All LCK Summer Playoffs teams were locked in on June 20. DAMWON Gaming, DRX, Gen.G, and T1 locked the top four spots, and Afreeca Freecs took the wildcard seed with a 2:1 win over kt Rolster.
As the playoffs begin one week from now on June 26, Inven Global takes a bite-sized look at the five competitors, their definitive playstyles, and the key players carrying them to victory.
Afreeca FreecsGatekeepers of the LCK
This split, AF has been considered the gatekeepers of the LCK, due to their dominance over the teams in “the East” (the bottom five teams) but their helplessness against the teams in “the West” (the top four teams of the LCK). This is evident in the statistical trend of the team, as they managed to set a new league record by defeating SeolHaeOne Prince in 16:50 minutes, with a kill score of 16-2. However, when they played against the top teams, they just crumbled every single time.
Key player: Spirit
Jungle champions that build either the Cinderhulk or the Runic Echoes enchantment are dominating the current LCK meta. The champion pool that opts to build these two jungle items are either tank or AP junglers, and they tend to not have too much early lane influence. Smart jungle pathing is essential, and Spirit is a player that is very clever with his routes. As Afreeca’s mid laner Fly continues to have inconsistent performance, it’ll be Spirit’s job to properly nurture him and the rest of AF's laners to get his team ahead.
T1Playoffs T1 is a whole new team from regular split T1
Despite being the reigning LCK champions, T1 has not shown the same dominance in the Summer Split. Much of that lies on the legendary mid laner Faker, who has not been living up to his “Unkillable Demon King” nickname. He hasn’t been ranked as one of the best mid laners in the region — let alone the world — for some time now, which led to his eventual benching for the much hyped rookie Clozer.
The coming of Clozer then unlocked a massive win streak against the bottom teams before it came to an abrupt end, as T1 fell 0:2 to DAMWON Gaming. And as the final regular season match against DRX approaches, Clozer needs to prove that he can go head to head with the best in the league.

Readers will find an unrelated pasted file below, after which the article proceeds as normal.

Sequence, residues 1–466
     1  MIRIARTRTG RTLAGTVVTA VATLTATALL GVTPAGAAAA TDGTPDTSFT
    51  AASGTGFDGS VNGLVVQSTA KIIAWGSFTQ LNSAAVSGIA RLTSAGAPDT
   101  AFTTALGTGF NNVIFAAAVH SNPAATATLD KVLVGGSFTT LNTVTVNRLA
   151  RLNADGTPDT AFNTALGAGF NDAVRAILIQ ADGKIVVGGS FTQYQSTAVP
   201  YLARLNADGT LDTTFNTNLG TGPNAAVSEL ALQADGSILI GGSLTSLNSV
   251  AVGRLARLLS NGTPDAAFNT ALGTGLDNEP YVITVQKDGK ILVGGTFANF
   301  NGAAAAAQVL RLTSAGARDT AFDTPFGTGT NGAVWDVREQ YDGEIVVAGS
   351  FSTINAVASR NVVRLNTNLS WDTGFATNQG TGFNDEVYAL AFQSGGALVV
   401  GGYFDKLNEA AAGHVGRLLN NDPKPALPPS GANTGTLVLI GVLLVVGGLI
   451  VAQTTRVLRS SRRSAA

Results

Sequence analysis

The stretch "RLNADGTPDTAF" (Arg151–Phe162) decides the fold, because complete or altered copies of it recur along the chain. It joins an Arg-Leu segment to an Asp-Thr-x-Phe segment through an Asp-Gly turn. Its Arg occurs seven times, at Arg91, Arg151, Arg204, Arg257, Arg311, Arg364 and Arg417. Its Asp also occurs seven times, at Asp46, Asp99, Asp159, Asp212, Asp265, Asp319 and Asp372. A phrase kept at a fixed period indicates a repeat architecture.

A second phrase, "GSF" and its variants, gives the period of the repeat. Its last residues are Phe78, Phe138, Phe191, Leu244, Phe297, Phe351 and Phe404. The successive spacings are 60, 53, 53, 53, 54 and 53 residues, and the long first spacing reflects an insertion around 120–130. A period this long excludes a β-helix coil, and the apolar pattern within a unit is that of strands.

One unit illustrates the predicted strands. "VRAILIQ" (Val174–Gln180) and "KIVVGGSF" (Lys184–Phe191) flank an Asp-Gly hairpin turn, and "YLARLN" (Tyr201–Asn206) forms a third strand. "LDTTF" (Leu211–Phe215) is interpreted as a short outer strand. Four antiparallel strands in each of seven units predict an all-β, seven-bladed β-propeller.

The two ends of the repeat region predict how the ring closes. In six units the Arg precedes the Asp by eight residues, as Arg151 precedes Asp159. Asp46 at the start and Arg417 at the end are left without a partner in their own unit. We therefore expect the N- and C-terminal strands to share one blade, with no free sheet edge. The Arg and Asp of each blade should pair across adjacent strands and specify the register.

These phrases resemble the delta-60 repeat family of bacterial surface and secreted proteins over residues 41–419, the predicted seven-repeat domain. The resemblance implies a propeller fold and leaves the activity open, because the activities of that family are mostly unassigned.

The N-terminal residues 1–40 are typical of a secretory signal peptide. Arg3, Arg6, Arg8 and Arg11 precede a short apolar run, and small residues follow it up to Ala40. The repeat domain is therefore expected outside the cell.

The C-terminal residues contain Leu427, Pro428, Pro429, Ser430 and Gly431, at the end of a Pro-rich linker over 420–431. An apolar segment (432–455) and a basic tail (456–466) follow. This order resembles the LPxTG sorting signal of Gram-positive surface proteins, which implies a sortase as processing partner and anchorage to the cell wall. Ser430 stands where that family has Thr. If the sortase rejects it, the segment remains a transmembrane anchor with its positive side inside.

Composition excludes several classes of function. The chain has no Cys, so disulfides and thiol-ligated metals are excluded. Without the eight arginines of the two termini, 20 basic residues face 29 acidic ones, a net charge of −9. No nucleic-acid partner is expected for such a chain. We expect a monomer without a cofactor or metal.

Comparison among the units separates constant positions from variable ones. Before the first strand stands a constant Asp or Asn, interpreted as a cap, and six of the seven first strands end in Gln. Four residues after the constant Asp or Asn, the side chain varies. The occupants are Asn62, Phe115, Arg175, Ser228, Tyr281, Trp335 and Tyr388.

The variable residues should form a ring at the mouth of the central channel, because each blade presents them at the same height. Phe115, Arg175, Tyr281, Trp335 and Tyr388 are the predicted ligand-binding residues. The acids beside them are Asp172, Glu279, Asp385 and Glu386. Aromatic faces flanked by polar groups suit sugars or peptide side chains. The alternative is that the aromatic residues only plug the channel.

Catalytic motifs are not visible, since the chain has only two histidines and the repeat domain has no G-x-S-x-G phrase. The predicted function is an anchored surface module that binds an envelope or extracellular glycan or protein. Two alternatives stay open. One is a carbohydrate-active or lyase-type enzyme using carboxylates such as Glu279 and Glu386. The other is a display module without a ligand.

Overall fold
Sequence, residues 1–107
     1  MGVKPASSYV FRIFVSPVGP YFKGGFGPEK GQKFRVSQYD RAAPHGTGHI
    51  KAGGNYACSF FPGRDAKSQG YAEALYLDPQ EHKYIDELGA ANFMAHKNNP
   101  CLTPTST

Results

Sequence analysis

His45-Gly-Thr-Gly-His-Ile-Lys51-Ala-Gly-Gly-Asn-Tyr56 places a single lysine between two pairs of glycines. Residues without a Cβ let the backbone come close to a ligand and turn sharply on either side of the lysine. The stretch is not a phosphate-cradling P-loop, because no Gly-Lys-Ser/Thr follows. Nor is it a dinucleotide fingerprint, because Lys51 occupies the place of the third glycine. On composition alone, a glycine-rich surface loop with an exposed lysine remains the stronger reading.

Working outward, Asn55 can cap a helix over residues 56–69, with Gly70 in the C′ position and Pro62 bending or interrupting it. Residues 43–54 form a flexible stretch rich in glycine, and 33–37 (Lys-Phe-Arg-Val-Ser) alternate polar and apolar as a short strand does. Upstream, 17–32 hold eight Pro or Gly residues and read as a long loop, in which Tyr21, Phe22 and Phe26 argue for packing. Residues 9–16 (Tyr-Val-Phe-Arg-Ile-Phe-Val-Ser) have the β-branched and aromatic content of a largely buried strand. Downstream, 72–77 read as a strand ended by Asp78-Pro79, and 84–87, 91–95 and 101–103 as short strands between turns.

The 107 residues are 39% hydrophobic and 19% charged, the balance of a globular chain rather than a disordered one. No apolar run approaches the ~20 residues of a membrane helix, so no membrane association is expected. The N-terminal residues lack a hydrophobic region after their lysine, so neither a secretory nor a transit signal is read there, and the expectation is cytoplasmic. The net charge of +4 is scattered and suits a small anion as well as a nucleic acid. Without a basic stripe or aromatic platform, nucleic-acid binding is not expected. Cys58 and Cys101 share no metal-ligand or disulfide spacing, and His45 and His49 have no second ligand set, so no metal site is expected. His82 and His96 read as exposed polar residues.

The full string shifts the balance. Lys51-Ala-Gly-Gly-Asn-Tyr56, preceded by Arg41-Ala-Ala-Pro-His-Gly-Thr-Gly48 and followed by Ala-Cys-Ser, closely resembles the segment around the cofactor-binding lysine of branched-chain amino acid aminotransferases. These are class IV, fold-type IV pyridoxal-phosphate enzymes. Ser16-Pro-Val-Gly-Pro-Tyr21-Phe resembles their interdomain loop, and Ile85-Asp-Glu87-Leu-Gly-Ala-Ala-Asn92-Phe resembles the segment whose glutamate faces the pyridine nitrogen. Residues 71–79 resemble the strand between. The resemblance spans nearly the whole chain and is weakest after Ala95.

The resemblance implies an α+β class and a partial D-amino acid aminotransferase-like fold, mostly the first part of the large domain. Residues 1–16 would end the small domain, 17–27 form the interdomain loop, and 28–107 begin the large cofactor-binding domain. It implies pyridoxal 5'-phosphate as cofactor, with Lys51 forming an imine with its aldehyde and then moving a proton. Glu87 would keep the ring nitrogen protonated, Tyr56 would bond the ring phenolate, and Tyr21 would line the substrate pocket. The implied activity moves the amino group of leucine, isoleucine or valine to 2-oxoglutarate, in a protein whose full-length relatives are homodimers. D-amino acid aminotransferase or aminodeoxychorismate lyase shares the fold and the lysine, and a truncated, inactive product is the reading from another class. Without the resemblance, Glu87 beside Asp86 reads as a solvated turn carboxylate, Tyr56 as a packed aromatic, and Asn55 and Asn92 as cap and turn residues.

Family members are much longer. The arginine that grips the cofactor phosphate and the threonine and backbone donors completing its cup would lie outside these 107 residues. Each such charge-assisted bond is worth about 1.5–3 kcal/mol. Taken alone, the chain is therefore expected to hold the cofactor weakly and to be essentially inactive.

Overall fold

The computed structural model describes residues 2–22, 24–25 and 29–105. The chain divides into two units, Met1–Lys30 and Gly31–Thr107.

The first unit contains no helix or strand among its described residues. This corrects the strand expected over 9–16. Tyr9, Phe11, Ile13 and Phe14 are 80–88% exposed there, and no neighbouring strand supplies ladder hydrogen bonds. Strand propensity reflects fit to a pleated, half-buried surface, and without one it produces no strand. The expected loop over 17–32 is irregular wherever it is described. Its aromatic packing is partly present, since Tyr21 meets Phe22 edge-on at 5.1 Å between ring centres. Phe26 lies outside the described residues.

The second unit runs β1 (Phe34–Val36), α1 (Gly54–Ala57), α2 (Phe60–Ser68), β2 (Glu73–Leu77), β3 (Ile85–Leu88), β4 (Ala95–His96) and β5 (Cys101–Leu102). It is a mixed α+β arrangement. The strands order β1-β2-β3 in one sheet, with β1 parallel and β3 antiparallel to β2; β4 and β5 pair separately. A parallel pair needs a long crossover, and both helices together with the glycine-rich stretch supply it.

Key player: Canna
The top laner for T1, Canna, is a rookie that debuted for the team back in Spring. His record for the most solo kills in regular split not only reflects his supreme individual prowess, but the snowball from these solo kills also generates mid-game advantages for T1. Much of their wins came from getting Canna ahead, and whether he’s on split pushing duty or being that teamfight beast that the team needs him to be, a large part of T1’s success this split is credited to this young top laner.
Gen.GThe redemption arc
After getting swept 0:3 by T1 in the Spring Split finals, Gen.G came back stronger than ever in the Summer Split. While they did fall to T1 (again) in round 1, they overcame their flaws to take a clean 2:0 in the round 2 rematch. Much of their wins come from getting a stable early lead, and with diversity in their drafts, they are a very versatile team that can adjust to any playstyle they want.
Key player: Bdd
The mid laner for Gen.G, Bdd, sits at the top of the Player of the Game (POG) standings. And for a good reason.